Could a single dark matter particle be light-years
In 1996 Discover
magazine ran an April Fools' story about giant particles called
"bigons" that could be responsible for all sorts of inexplicable
phenomena. Now, in a case of life imitating art, some physicists are
proposing that the universe's mysterious dark matter consists of
great big particles, light-years or more across. Amid the jostling
of these titanic particles, ordinary matter ekes out its existence
like shrews scurrying about the feet of the dinosaurs.
MENDEX/UNIVERSITY OF CALIFORNIA, BERKELEY/KECK
SMALL GALAXIES such as NGC
3109 are rarer and less compacted than they would be if matter
clumped freely, perhaps because colossal particles that might
be the universe's "missing mass" resist
This idea arose to explain a puzzling fact about dark matter:
although it clumps on the vastest scales, creating bodies such as
galaxy clusters, it seems to resist clumping on smaller scales.
Astronomers see far fewer small galaxies and subgalactic gas clouds
than a simple extrapolation from clusters would imply. Accordingly,
many have suggested that the particles that make up dark matter
interact with one another like molecules in a gas, generating a
pressure that counterbalances the force of gravity.
|The big-particle hypothesis takes another approach.
Instead of adding a new property to the dark particles, it exploits
the inherent tendency of any quantum particle to resist confinement.
If you squeeze one, you reduce the uncertainty of its position but
increase the uncertainty of its momentum. In effect, squeezing
increases the particle's velocity, generating a pressure that
counteracts the force you apply. Quantum claustrophobia becomes
important over distances comparable to the particle's equivalent
wavelength. Fighting gravitational clumping would take a wavelength
of a few dozen light-years.
What type of particle could have such astronomical dimensions? As
it happens, physicists predict plenty of energy fields whose
corresponding particles could fit the bill--namely, so-called scalar
fields. Such fields pop up both in the Standard Model of particle
physics and in string theory. Although experimenters have yet to
identify any, theorists are sure they're out there.
Cosmologists already ascribe cosmic inflation, and perhaps the
dark energy (distinct from dark matter) that is now causing cosmic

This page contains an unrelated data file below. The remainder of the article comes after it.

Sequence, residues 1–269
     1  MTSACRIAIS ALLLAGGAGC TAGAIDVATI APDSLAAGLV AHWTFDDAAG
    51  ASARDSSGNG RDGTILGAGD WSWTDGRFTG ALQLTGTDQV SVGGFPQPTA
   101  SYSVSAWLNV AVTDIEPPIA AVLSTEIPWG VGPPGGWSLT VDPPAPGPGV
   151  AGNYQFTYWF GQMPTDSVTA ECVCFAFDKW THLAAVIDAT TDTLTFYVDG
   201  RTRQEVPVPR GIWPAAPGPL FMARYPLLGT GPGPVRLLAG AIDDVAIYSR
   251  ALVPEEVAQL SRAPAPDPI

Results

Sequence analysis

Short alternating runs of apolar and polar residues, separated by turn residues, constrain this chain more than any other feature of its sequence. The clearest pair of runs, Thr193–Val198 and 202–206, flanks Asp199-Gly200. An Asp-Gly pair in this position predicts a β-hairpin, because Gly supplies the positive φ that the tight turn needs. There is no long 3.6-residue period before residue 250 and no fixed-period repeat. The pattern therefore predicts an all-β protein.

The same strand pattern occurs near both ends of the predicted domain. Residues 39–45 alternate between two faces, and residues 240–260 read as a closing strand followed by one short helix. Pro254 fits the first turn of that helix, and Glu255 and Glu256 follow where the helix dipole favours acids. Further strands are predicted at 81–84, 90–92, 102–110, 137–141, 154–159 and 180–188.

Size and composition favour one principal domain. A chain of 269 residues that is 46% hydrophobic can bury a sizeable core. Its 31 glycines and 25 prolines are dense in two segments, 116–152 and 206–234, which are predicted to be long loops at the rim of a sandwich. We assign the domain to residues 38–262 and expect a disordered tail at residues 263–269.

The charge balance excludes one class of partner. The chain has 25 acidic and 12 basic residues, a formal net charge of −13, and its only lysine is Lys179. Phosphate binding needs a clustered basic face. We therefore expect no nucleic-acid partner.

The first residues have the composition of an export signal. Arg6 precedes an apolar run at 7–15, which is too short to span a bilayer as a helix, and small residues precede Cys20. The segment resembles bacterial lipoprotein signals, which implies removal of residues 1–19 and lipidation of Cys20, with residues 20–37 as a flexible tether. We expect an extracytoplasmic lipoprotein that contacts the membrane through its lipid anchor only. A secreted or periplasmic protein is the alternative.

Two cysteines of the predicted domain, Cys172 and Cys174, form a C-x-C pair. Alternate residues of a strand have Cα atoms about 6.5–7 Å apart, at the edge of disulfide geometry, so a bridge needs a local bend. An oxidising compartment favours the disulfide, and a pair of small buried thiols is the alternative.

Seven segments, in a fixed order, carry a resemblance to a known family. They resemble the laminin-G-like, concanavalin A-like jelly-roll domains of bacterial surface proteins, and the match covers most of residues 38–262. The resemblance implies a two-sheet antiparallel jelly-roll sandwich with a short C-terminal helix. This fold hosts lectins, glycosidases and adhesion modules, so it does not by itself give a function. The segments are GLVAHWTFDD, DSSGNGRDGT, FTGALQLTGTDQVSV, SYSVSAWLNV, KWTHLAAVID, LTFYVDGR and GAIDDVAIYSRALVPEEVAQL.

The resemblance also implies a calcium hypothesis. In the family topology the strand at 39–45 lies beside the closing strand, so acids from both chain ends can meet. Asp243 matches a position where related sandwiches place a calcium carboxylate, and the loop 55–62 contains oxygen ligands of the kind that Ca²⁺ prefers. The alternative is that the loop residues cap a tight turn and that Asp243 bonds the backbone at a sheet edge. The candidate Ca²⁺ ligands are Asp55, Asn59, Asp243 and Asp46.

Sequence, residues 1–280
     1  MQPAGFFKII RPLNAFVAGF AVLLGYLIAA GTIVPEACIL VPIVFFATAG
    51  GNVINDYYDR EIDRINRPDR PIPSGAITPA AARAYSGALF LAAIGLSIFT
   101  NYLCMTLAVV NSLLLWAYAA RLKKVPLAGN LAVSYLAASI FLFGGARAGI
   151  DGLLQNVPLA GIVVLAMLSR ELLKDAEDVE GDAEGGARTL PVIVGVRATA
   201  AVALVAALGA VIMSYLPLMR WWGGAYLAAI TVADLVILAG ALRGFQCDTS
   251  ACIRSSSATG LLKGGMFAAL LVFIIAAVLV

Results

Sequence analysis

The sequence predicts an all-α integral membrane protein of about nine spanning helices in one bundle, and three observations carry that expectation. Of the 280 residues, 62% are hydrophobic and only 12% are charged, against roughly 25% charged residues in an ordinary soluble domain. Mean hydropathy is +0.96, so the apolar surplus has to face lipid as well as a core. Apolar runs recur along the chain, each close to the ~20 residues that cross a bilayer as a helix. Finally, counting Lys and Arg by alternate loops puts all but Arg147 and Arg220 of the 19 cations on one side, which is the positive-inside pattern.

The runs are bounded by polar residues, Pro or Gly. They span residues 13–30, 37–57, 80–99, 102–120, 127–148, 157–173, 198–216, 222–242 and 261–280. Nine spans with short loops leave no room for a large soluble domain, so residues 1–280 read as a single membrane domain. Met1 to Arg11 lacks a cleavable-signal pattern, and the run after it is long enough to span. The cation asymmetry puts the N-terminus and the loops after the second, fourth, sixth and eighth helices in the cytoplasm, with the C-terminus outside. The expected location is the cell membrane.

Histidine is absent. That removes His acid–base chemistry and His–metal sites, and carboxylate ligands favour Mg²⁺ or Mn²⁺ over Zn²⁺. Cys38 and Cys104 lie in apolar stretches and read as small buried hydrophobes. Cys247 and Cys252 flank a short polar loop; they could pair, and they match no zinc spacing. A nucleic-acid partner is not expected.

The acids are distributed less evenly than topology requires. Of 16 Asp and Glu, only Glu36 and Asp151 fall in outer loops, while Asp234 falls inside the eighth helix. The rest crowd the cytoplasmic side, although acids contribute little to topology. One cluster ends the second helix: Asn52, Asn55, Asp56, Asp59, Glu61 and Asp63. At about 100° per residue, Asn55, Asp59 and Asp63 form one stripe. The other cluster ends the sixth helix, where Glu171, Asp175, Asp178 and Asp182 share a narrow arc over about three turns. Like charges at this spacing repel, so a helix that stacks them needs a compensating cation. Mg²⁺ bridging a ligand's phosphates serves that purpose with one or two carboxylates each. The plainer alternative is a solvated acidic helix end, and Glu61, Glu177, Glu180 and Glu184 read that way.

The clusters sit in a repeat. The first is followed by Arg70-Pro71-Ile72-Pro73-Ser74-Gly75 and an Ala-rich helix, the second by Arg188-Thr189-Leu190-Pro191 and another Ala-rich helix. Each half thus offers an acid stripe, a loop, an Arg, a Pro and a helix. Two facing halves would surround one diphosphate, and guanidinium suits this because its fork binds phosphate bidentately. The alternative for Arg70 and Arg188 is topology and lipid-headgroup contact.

acceleration, to scalar fields. In these contexts, the fields work
because they are the simplest generalization of Einstein's
cosmological constant. If a scalar field changes slowly, it
resembles a constant, both in its fixed magnitude and in its lack of
directionality; relativity theory predicts it will produce a
gravitational repulsion. But if the field changes or oscillates
quickly enough, it produces a gravitational attraction, just like
ordinary or dark matter. Physicists posited bodies composed of
scalar particles as long ago as the 1960s, and the idea was revived
in the late 1980s, but it only really started to take hold four
|Two leaders of the subject are Tonatiuh Matos Chassin
of the Center for Research and Advanced Studies in Mexico City and
Luis Ureña López of the University of Guanajuato. At a workshop at
the Central University of Las Villas (UCLV) in Cuba in June, they
described how scalar particles can reproduce the internal structure
of galaxies: when the particles clump on galactic scales, they
overlap to form a Bose-Einstein condensate--a giant version of the
cold atom piles that experimenters have created over the past
decade. The condensate has a mass and density profile matching those
of real galaxies.
That inflation, dark energy and dark matter can all be laid at
the doorstep of scalar fields suggests that they might be connected.
Israel Quiros of UCLV argued at the workshop that the same field
could account for both inflation and dark energy. Other physicists
have worked on linking the two dark entities. "As my senior
colleagues used to say, 'You only get to invoke the tooth fairy
once,'" says Robert Scherrer of Vanderbilt University. "Right now we
have to invoke the tooth fairy twice: we need to postulate a yet to
be discovered particle as dark matter and an unknown source for dark
energy. My model manages to explain both with a single
But all these models suffer from a nagging problem.
Because the wavelength of a particle is inversely proportional to
its mass, the astronomical size corresponds to an almost absurdly
small mass, about 10-23 electron volts (compared with the
proton's mass of 109 electron volts). That requires the
laws of physics to possess a hitherto unsuspected symmetry. "Such
symmetries are possible, although they appear somewhat contrived,"
says physicist Sean Carroll of the University of Chicago. Moreover,
the main motivation for big particles--their resistance to
clumping--has become less compelling now that cosmologists have
found that more prosaic processes, such as star formation, can do
the trick. Still, as physicists cast about for some explanation of
the mysteries of dark matter, it is inevitable that some pretty big
ideas will float around.
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